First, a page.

Paul, "The way you can tell when you have liberty, is when those who want out, can get outside. In other words, it is when anarchists are left alone. That is the test. You don’t have to approve of anarchism. You certainly don’t have to be an anarchist to have liberty." You have actually defined, by description, anarchism. If residing/living your life on Liberal Way, Conservative Boulevard, Communist Lane, etc. is something one chooses to do voluntarily, is able to leave when they choose, and is unable to compel others to adopt the same choice (i.e., force others to live on Communist Lane, or "stay in the city"), then there's no "archy" there. No archy = anarchy. Anyone who desires this situation, is de facto, an anarchist. That they personally prefer certain forms of social organization over others is secondary to the fact they desire a society where no man is forced to the form of social organization preferred by another. You could call these people "anarcho-Liberals", "anarcho-Conservatives" or "anarcho-Communists", but the fact remains, they are all anarchists. So I argue there's no middle ground between anarchy and statism. A statist who agrees to "leave the anarchists alone" is not a statist, he is an anarchist. Because, by "leaving the anarchists alone", he is agreeing that no man may be bound by a State he did not consent to. And, assuming he is coherent, this understanding extends to himself as well. He only continues as a "citizen" to the State the anarchists seceded unmolested from because he chooses to do so. If he chose not to, he would assert the same right he recognized in the "anarchists", that is, the right to be left alone by that, or any other State. But this philosophy attempts to transform the "State" he persists in being a "citizen" to into a voluntary institution. By definition, a State is NOT a voluntary institution and thus any State that "lets the anarchists alone" is no longer a State. It is a governing-services organization that, since it respects the wishes of its "citizens" to voluntarily opt in or out, must now compete with alternatives for the continued consent of its "citizens", which are now more accurately recognized as customers. And thus we have described market anarchy. The "you can remain a statist, just leave the anarchists alone" tactic might be a sly way to trick a statist into becoming an anarchist without realizing it, but it doesn't change the fact that deciding to "leave the anarchists alone" makes one an anarchist. I personally prefer, and find more useful the idea that liberty = self-ownership. The test to see if you have liberty is to ask if any human person, or group of persons has final authority over your life other than you. If the answer is yes, you don't have liberty, someone else owns you...and thus you are a slave.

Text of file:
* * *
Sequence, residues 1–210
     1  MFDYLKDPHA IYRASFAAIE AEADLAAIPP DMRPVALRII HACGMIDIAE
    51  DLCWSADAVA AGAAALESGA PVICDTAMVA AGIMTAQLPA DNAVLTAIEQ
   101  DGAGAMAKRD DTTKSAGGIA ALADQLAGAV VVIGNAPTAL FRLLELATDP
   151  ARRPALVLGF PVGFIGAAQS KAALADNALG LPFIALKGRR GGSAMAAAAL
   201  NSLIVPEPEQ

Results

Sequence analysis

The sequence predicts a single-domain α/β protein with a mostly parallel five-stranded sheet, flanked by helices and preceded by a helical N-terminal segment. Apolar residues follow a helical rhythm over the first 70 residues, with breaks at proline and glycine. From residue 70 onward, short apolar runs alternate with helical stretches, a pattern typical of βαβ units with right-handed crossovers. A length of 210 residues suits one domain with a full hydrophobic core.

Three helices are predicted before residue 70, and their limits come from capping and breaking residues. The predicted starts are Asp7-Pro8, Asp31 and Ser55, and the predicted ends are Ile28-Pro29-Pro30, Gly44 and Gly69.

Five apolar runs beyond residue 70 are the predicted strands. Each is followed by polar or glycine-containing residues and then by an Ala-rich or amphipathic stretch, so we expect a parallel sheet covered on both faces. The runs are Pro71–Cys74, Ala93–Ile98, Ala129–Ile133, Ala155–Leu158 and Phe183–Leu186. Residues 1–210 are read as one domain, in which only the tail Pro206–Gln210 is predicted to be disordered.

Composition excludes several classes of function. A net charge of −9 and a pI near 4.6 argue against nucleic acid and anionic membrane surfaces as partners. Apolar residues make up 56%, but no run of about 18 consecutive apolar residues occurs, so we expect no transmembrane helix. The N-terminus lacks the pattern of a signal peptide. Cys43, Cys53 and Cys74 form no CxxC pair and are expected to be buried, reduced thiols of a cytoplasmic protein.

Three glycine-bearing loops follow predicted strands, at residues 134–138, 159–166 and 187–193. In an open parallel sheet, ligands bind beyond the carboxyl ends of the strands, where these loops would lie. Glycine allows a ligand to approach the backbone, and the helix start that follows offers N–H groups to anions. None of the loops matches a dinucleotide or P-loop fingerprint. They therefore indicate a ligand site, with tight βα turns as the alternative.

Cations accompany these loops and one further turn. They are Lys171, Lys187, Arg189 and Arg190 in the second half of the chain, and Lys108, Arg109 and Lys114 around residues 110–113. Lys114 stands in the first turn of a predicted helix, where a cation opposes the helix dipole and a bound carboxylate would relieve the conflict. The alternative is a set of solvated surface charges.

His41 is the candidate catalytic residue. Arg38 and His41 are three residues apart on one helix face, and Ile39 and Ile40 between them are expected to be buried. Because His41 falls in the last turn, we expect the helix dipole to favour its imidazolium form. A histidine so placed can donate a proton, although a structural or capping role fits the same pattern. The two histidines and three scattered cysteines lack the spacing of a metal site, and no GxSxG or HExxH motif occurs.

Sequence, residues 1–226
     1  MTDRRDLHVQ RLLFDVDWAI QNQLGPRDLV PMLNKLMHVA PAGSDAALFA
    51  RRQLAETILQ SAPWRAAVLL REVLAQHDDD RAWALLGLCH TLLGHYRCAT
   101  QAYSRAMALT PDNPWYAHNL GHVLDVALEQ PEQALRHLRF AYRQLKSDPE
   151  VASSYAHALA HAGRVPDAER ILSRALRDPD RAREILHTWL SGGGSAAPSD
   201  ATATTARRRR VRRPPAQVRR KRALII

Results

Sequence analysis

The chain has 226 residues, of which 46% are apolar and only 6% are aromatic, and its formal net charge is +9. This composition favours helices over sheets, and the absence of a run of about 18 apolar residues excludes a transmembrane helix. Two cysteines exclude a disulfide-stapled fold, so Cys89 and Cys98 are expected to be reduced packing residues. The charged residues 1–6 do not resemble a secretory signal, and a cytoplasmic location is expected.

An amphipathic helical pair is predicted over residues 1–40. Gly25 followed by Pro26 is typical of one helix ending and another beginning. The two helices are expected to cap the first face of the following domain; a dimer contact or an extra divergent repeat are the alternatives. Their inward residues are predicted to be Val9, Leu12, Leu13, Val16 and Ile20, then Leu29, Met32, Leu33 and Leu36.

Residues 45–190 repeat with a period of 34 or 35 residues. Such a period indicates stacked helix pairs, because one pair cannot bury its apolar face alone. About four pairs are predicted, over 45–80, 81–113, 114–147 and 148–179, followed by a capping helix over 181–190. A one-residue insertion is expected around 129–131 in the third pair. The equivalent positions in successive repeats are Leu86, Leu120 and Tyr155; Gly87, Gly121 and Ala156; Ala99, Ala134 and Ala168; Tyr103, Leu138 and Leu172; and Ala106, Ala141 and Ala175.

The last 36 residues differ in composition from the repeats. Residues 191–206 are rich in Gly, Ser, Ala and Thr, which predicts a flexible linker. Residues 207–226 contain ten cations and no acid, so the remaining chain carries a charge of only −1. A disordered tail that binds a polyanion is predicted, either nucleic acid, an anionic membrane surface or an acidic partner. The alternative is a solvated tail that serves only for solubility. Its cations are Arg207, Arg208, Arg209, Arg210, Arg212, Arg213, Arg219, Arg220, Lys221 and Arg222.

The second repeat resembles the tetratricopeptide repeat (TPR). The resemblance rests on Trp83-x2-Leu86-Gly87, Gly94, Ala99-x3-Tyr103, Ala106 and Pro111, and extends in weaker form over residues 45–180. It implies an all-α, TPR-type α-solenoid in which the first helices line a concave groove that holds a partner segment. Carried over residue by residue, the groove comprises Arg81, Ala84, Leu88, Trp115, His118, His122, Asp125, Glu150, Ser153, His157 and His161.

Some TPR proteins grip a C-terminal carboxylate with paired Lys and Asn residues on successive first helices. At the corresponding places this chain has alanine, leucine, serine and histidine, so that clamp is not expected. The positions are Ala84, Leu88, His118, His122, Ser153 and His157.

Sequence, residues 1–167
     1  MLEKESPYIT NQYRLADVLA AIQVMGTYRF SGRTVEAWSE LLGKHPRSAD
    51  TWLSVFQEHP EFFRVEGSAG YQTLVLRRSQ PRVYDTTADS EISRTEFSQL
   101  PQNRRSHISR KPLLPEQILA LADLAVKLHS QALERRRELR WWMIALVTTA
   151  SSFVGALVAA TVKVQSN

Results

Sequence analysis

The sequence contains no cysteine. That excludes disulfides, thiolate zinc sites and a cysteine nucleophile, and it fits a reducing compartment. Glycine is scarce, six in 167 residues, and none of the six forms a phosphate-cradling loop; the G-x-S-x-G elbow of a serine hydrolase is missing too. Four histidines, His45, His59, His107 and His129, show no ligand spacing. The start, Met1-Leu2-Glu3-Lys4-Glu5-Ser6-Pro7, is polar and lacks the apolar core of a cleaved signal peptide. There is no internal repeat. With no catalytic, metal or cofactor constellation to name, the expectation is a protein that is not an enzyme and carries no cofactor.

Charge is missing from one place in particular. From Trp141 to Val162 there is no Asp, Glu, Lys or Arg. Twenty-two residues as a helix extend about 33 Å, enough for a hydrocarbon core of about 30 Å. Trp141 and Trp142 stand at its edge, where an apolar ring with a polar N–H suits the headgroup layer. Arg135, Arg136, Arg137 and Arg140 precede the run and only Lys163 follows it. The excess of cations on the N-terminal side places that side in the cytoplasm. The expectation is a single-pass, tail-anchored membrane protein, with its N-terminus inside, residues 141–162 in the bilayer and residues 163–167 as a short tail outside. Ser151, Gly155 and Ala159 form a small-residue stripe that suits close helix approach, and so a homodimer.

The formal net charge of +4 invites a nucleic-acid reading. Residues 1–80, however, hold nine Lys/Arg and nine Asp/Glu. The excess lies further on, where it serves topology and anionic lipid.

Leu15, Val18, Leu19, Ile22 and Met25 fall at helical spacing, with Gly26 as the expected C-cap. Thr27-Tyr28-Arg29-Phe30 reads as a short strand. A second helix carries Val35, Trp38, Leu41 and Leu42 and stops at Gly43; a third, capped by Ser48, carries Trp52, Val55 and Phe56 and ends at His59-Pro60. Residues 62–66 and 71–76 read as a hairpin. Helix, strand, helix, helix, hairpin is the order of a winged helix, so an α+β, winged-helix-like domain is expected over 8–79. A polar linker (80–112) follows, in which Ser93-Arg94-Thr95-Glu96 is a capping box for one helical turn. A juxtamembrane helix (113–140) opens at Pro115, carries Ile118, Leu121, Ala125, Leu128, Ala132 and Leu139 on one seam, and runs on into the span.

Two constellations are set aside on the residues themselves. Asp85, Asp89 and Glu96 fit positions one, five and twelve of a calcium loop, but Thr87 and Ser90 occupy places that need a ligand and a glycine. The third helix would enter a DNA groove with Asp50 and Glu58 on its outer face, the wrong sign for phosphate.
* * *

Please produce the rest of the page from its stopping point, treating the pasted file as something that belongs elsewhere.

• AtlasAikido's picture
    AtlasAikido 2 years 49 weeks ago Page Lawrence M. Ludlow